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Ralph Nader > In the Public Interest > If Chrysler gets U.S. Aid, Where does Bail-Out Line End?

The Chrysler Corp. has applied to Washington for welfare. With $17 billion in sales last year, Chrysler believes that both its mounting losses ($207 million in the second quarter of 1979) and its bigness leave the government no choice but to give the company the equivalent of $1 billion.

In the past few months, Chrysler representatives have been meeting behind closed doors with officials of the Treasury, Commerce and Trans­portation departments as well as with White House aides and key members of Congress. All meetings, all information submitted by Chrys­ler and all related government memoranda are secret. The Carter administration’s response is, so far, not known in full.

This environment of secrecy to date has suited Chrysler’s strategy of getting the aid package through Congress quickly in September or October, before there is time for pub­lic opposition to organize.

This strategy may not work. Extensive public hearings will be held in the House and Senate and, inevitably, the matter of Chrysler’s mismanagement will be explored.

Why Such Failures?

Why, for example, was Chrysler so slow in anticipating the public’s growing demand for more fuel-effi­cient vehicles? Its bloated inventory of large cars and vans is selling slowly. Why couldn’t Chrysler sup­ply its dealers with enough of the Omnis and Horizons, the latest, more fuel-efficient cars, to keep up with demand? How did Chrysler’s quality control fail badly enough to cause the recall of almost 6 million auto­mobiles in 1977 and 1978 and the re­sulting massive customer dissatis­faction that is yet to dissipate?

Chrysler produces a little more than 1 million cars a year. Volvo sells around 50,000 cars a year in the United States. Yet Volvo met the gov­ernment’s pollution control stand­ards ahead of deadline, while Chrys­ler, notwithstanding several years’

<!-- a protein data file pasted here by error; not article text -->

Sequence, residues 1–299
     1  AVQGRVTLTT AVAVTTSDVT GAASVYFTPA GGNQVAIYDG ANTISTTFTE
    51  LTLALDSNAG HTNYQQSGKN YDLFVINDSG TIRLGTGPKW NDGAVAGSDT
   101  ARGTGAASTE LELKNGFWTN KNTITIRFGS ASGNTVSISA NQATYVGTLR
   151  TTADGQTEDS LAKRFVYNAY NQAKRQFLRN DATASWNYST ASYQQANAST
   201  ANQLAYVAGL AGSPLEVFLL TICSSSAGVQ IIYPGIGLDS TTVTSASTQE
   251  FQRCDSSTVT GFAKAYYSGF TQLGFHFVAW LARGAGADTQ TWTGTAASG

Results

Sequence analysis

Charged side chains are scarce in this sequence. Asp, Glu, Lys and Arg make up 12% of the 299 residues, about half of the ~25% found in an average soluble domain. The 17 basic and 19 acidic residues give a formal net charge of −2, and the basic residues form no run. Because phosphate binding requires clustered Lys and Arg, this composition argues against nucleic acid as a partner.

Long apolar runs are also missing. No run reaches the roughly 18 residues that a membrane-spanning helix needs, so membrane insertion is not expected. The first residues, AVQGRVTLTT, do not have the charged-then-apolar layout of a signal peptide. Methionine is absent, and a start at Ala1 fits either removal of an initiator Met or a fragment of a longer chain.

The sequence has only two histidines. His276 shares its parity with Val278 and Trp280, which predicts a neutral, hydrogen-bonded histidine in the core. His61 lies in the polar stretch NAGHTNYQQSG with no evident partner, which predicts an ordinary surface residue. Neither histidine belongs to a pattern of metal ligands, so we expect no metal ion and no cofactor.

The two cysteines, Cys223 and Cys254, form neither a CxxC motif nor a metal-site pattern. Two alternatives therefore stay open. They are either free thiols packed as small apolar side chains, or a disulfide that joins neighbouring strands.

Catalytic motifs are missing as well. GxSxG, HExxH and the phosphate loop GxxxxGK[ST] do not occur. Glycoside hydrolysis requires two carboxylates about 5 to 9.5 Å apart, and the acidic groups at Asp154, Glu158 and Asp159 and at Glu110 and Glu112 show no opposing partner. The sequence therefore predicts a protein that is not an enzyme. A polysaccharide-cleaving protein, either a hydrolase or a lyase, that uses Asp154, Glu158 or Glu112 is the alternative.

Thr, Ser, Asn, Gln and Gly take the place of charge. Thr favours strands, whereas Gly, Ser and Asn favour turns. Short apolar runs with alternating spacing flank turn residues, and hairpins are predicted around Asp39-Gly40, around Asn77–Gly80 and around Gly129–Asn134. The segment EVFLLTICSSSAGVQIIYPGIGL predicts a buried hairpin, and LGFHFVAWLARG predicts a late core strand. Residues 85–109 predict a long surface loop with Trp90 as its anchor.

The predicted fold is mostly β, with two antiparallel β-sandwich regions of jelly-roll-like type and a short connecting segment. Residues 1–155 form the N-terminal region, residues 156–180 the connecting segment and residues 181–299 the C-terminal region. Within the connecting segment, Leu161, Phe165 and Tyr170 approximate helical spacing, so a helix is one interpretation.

postponement of the standards’ com­pliance date, wants the 1981 emissions standards delayed another two years.

Why? Because Chrysler, which is four times larger than Volvo, has spent its efforts opposing pollution control, as well as fuel efficiency and safety standards, instead of free­ing its engineers to comply with them on time.

All this suggests that Chrysler’s longstanding management problems continue to receive infusions of incompetence and intransigence. Over and over, Chrysler has weak­ened or delayed consumer protec­tion measures by telling Washington it would have to close a plant or go bankrupt. Now this approach is being used to make the taxpayer pay for Chrysler’s mismanagement.

Chiefs Blamed

A company shareholder group, led by two retired Chrysler executives, sent a letter to President Carter recently disagreeing “with Chrysler management that government regu­lations are responsible for Chrys­ler’s excessive losses.” They laid the responsibility squarely on the shoul­ders of present and past chief executive officers.

Neither President Lee Iacocca nor other top Chrysler officials have offered to cut their own huge remu­nerations. But they want the auto workers to agree to a two-year freeze on wages and benefits.

Douglas Fraser of the United Auto Workers wants any federal aid to Chrysler to be equity investment by the government with representation on the Board of Directors. Recogniz­ing the company’s poor manage­ment, Fraser would like some pros­pect that taxpayers will share in Chrysler’s gains if they are to share in the losses.

The overriding issue before Con­gress is whether the federal government should bail out large corporations which cannot sell enough of their products to avoid bankruptcy or a corporate reorganization under the bankruptcy laws.

Plainly, Americans will buy as many cars, with or without Chrysler. Workers will build the same number of cars, with or without Chrysler. Other auto manufacturers will either expand their production in this country, buy up Chrysler’s factories or go into joint ventures with the troubled company. Dislocated workers can be assisted during a transition period under a variety of existing and expandable programs.

Bail-out Enterprise

The issue, then, is the Chrysler Corporation’s special claim on the taxpayer. For if Chrysler receives this sizable subsidy, what about other big companies in similar straits? What about the thousands of small businesses which can’t make it in the marketplace? Will they also be able to go to Washington for cash? What about the hypocrisy of businessmen who preach free enterprise and practice bail-out enterprise?

These are questions which will lead to unique alliances on Capitol Hill in the coming weeks. Some legislators who call themselves liberals will join with those who call themselves conservatives to oppose the Chrysler subsidy. And there will be other liberals and conservatives supporting the company.

The congressional debate surely will provide heightened visibility for federal subsidies to business generally. These total tens of billions of dollars every year. Win or lose, the American taxpayer will learn more about where his or her tax money is going in the booming corporate welfare system. Such public awareness can lead to action regarding business subsidies–action that can save taxpayers’ money. Maybe the upcoming Chrysler drama will have a second, unintended act to play out.